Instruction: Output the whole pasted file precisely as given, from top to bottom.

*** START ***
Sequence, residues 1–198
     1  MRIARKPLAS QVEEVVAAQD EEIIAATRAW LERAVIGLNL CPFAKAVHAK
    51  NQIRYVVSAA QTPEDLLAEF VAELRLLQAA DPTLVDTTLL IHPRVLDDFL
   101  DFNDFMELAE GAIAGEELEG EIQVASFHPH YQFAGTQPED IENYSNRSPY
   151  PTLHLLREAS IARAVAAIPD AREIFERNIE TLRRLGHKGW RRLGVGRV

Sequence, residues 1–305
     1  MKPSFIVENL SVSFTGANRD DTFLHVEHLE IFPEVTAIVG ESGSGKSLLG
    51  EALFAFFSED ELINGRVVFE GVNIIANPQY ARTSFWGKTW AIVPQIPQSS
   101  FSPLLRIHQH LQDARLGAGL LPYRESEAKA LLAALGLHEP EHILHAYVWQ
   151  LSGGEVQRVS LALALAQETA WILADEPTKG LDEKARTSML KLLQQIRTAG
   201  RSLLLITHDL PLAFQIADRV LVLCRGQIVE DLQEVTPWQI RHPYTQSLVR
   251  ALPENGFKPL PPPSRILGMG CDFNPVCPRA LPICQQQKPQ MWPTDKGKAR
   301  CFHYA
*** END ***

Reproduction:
Sequence, residues 1–198
     1  MRIARKPLAS QVEEVVAAQD EEIIAATRAW LERAVIGLNL CPFAKAVHAK
    51  NQIRYVVSAA QTPEDLLAEF VAELRLLQAA DPTLVDTTLL IHPRVLDDFL
   101  DFNDFMELAE GAIAGEELEG EIQVASFHPH YQFAGTQPED IENYSNRSPY
   151  PTLHLLREAS IARAVAAIPD AREIFERNIE TLRRLGHKGW RRLGVGRV

Sequence, residues 1–305
     1  MKPSFIVENL SVSFTGANRD DTFLHVEHLE IFPEVTAIVG ESGSGKSLLG
    51  EALFAFFSED ELINGRVVFE GVNIIANPQY ARTSFWGKTW AIVPQIPQSS
   101  FSPLLRIHQH LQDARLGAGL LPYRESEAKA LLAALGLHEP EHILHAYVWQ
   151  LSGGEVQRVS LALALAQETA WILADEPTKG LDEKARTSML KLLQQIRTAG
   201  RSLLLITHDL PLAFQIADRV LVLCRGQIVE DLQEVTPWQI RHPYTQSLVR
   251  ALPENGFKPL PPPSRILGMG CDFNPVCPRA LPICQQQKPQ MWPTDKGKAR
   301  CFHYA